Sound Meditation - Find your inner silence in sound
Sound meditation: ancient wisdom for a modern world. Finding your inner silence. By Louise Wellby
We are on a quest for calm within the chaos; silence through noise, and rest in motion. We want to feel connected to ourselves and connected with one another — but we end up being connected all the time, at all costs, and we risk losing a deeper sense of connection along the way. As much as we crave silence, we also fear it.
We live in an increasingly plugged in, switched on world, a society that seems to require us to inhabit a highly reactive, racing forward state. Dominated by technology and the noise of continuous media streams, pollution, air travel and the whirrings of busy ‘non-stop’ minds, how can anyone possibly find silence within all the noise?
Yet we do seek it. No matter the extent of noise outside of us, it is the noise within us that we seek to settle, so that we may cultivate fluency in our being and through our chapters of life.
We are experts at distraction and multi-tasking, devouring media with a short attention span. We have collectively forgotten how to pause, unplug, be still and quiet.
All is not lost, however: the tools to achieve this quiet within are accessible and universal; the wisdom ancient and intuitive.
The sound portal
In search of contentment and tranquility, humans often seek to acquire some new status or material gain, thinking that beyond the next hurdle lies the eternal sunshine. The answer is not external, loitering out there somewhere. It cannot be bought. It defies the capitalist consumerist approach. The key to our quest for inner quiet lies in the pausing, the spaces between sounds, a state of balance, stillness.
There, we can dive into a quality of silence which is both the void and the source of creative potential: the experience of shunyia (a Sanskrit word meaning zero point, or the point of stillness).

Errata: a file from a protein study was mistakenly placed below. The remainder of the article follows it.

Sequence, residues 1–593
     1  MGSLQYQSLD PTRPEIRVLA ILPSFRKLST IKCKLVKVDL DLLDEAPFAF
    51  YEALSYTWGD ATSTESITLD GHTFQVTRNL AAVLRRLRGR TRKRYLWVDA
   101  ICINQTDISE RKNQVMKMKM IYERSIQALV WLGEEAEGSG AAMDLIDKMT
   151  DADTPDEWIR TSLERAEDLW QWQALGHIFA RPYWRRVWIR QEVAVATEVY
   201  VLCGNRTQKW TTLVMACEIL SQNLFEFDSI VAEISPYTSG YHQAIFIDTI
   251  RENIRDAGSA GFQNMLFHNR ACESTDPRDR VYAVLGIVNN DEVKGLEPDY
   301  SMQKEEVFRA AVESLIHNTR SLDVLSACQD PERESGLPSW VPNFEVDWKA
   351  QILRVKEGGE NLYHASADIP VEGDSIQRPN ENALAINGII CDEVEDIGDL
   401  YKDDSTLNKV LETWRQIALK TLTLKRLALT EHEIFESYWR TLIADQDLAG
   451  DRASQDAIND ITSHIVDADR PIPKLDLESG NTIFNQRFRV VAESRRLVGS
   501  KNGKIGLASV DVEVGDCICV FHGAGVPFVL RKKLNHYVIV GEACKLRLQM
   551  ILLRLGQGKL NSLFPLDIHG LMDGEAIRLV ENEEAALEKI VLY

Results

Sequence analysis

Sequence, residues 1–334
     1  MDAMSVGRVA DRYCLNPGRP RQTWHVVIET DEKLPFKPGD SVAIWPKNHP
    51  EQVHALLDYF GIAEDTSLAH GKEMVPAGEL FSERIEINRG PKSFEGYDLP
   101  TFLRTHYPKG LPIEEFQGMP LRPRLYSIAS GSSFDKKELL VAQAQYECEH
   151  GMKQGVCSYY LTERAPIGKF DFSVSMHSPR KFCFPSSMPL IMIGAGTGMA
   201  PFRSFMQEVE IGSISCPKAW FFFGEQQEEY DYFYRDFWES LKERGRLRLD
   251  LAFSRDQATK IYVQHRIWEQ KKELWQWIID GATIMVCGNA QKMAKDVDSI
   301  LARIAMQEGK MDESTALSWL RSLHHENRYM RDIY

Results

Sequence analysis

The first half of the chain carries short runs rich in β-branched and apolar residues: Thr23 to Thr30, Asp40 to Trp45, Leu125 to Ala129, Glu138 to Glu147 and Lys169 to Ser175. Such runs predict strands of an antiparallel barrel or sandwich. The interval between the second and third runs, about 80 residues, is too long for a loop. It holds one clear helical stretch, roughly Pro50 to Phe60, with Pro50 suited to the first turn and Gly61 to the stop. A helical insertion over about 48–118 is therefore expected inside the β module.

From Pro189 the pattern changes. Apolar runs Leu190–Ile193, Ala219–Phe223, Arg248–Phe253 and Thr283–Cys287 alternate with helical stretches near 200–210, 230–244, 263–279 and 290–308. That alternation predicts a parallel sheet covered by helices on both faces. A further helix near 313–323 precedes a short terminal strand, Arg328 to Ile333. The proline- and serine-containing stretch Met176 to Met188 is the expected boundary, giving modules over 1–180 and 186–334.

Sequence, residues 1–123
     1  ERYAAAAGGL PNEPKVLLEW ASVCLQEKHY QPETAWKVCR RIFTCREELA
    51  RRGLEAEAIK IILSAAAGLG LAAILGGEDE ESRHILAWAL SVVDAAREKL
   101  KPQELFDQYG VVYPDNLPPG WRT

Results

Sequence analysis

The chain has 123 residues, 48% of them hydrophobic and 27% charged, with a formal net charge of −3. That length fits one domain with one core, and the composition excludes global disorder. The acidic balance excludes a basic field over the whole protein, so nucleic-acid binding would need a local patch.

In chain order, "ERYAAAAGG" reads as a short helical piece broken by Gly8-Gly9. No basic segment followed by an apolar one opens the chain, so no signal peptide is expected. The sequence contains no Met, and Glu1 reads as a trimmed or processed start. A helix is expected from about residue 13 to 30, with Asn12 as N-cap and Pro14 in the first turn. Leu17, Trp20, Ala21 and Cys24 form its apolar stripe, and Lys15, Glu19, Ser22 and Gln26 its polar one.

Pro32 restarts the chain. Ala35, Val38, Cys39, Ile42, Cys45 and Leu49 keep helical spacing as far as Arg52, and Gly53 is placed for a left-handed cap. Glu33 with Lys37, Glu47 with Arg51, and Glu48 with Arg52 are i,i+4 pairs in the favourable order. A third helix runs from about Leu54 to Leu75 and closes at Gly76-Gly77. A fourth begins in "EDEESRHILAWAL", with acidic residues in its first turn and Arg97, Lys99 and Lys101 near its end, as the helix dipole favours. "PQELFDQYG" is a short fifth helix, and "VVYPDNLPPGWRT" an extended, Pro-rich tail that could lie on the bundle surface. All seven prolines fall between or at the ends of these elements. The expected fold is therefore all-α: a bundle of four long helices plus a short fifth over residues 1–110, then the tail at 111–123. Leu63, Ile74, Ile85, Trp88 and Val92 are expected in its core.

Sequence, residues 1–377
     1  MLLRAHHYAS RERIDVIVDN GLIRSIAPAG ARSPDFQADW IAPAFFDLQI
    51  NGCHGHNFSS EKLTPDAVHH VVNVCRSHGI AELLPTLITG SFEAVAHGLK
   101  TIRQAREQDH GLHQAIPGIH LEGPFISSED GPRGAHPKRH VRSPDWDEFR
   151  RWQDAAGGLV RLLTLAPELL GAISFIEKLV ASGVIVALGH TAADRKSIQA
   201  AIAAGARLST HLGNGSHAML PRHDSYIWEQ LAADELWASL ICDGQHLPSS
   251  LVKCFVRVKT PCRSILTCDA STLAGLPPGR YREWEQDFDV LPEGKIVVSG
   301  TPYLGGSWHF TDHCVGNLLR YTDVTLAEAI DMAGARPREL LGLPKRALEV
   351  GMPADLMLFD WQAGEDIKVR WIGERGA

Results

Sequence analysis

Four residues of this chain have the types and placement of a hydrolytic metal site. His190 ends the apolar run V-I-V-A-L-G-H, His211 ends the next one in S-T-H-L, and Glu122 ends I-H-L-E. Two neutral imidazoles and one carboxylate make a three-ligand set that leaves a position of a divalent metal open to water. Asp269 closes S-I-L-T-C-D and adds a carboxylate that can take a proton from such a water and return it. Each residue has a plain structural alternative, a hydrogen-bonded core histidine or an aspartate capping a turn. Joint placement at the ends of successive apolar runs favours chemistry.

Sound is a portal to a potent depth of presence and a silence that holds mystery, absorption, the innermost and universal, our truest nature in its arms. Sound and silence interweave; one cannot exist without the other, much like joy and sorrow, light and dark, life and death.
Although sound meditation may appear as a recent trend, in truth the use of sound as a meditative tool has roots tracing back to the musings and practices of ancient philosophers, priests, healers, physicians, geometrists and native tribes. Education, architecture, ceremony, medicine and healing were all inextricably bound to sound. Pythagoras (569-475 BC) used music as medicine, describing music as an expression of a divine principle (Harmonia) that brings order to chaos and discord in mind, body and soul. Pythagoras taught that healing was possible using sound and harmonic frequencies.
Through the ages
Across the spectrum of cultures and religions, stories are told of creation born from silence into sound; the power and creative potential of silence is a strong narrative thread. In the ancient Vedic texts, silence is broken with the cosmic hum we know as Aum/Om. Prayers and mantras are and have always been spoken, sung and chanted, whether the words belong to any of the Islamic, Hindu, Christian, Jewish, Buddhist or other traditions. Sufis, Shamans, Tibetans, Mayans and Tuvans, have used their voices to chant and overtone in ritual and healing work for centuries. Long before the scientific advances of recent times, our ancient ancestors understood that sound was sacred, potent and healing.